Our ultimate goal is to develop effective strategies to improve outcome after human spinal cord injury (SCI). We have demonstrated (Pearse et al., 2004) that a triple combination of a SC implant, a one-time injection of cAMP into the cord above and below the implant, and a two-week subcutaneous infusion of Rolipram induced substantial growth of serotonergic fibers into the implant and beyond into the cord caudal to the implant. A marked improvement in locomotor test scores was observed in groups with the best growth of serotonergic axons in the caudal cord. To build on these results, we propose three Specific Aims using the same injury model and SC grafting (Pearse et al., 2004).
In Aim 1, we will determine the most effective delivery site (lesion, raphe somata, or both) for cAMP elevation (by measuring fibers and evaluating locomotion). BDNF is known also to promote growth of serotonergic axons into the cord caudal to a SC graft;therefore we will determine the most efficacious site for BDNF delivery using the same SCI paradigm.
In Aim 2, we propose to test the possibility that the combination of cAMP elevation and BDNF administration will be more effective than either one alone. Administration of cAMP (best route) and BDNF (best route) will be combined and the serotonergic axon growth response compared to that observed with either factor alone. Behavioral test results will be correlated with axon growth in each animal.
In Aim 3, we propose to determine the functionality of the serotonergic projections after our most effective treatment. First, changes in locomotion caused by pharmacologically blocking serotonergic receptors will be assessed. Second, we will determine reflex responses to somatic afferent stimulation following electrical stimulation of raphespinal pathways. Third, the release of 5-HT by descending fibers after the best treatment will be verified. Exploration of combined therapies to improve serotonergic fiber growth beyond the site of injury and determination of the role of the potentially improved growth on locomotion will lead to new clinical strategies in the future.
|Iorgulescu, J Bryan; Patel, Samik P; Louro, Jack et al. (2015) Acute Putrescine Supplementation with Schwann Cell Implantation Improves Sensory and Serotonergic Axon Growth and Functional Recovery in Spinal Cord Injured Rats. Neural Plast 2015:186385|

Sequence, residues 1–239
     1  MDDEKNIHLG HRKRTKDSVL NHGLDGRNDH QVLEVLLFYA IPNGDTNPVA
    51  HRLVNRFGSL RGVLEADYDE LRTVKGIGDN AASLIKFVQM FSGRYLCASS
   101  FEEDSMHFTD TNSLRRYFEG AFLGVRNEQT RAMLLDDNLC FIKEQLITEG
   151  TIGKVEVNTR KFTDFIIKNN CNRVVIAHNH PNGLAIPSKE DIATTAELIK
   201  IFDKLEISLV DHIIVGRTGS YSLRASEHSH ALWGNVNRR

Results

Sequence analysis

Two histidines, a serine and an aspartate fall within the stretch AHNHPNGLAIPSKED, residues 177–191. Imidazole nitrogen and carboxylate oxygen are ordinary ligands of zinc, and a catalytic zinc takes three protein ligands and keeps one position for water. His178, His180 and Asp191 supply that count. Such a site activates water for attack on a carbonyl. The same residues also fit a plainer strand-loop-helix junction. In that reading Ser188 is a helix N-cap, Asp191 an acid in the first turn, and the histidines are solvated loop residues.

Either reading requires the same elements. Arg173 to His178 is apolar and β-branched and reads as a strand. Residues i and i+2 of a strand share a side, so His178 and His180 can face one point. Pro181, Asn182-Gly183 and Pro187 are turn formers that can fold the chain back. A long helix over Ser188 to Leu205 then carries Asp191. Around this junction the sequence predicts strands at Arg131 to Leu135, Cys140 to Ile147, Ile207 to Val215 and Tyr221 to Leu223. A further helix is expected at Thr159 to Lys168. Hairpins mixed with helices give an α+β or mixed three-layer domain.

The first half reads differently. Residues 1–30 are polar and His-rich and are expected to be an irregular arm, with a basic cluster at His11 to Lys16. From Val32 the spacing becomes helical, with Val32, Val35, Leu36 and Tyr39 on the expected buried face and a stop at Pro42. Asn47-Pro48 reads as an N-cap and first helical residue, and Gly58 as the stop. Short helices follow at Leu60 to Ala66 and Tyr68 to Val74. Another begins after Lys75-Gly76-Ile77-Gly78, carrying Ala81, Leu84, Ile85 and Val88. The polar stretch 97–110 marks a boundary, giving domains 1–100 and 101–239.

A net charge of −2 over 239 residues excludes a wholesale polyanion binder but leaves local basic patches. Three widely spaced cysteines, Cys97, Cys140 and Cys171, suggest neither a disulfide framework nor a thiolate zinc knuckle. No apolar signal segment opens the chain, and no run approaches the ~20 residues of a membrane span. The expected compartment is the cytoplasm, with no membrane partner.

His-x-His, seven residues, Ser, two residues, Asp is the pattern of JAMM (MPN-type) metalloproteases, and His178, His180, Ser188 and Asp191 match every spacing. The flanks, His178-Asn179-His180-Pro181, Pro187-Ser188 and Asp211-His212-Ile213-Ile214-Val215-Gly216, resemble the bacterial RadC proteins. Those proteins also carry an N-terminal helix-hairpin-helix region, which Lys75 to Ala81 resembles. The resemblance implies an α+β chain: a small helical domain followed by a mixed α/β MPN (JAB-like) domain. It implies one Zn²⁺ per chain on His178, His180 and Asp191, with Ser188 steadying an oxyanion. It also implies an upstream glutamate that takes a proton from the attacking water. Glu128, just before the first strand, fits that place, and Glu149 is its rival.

|Williams, Ryan R; Venkatesh, Ishwariya; Pearse, Damien D et al. (2015) MASH1/Ascl1a leads to GAP43 expression and axon regeneration in the adult CNS. PLoS One 10:e0118918|
|Williams, Ryan R; Henao, Martha; Pearse, Damien D et al. (2015) Permissive Schwann cell graft/spinal cord interfaces for axon regeneration. Cell Transplant 24:115-31|
|Ghosh, Mousumi; Aguirre, Vladimir; Wai, Khine et al. (2015) The interplay between cyclic AMP, MAPK, and NF-?B pathways in response to proinflammatory signals in microglia. Biomed Res Int 2015:308461|
|Kanno, Haruo; Pressman, Yelena; Moody, Alison et al. (2014) Combination of engineered Schwann cell grafts to secrete neurotrophin and chondroitinase promotes axonal regeneration and locomotion after spinal cord injury. J Neurosci 34:1838-55|
|Flora, Govinder; Joseph, Gravil; Patel, Samik et al. (2013) Combining neurotrophin-transduced schwann cells and rolipram to promote functional recovery from subacute spinal cord injury. Cell Transplant 22:2203-17|
|Williams, Ryan R; Pearse, Damien D; Tresco, Patrick A et al. (2012) The assessment of adeno-associated vectors as potential intrinsic treatments for brainstem axon regeneration. J Gene Med 14:20-34|
|Ghosh, Mousumi; Tuesta, Luis M; Puentes, Rocio et al. (2012) Extensive cell migration, axon regeneration, and improved function with polysialic acid-modified Schwann cells after spinal cord injury. Glia 60:979-92|
|Ghosh, Mousumi; Garcia-Castillo, Daniela; Aguirre, Vladimir et al. (2012) Proinflammatory cytokine regulation of cyclic AMP-phosphodiesterase 4 signaling in microglia in vitro and following CNS injury. Glia 60:1839-59|
|Schaal, Sandra Marie; Garg, Maneesh Sen; Ghosh, Mousumi et al. (2012) The therapeutic profile of rolipram, PDE target and mechanism of action as a neuroprotectant following spinal cord injury. PLoS One 7:e43634|
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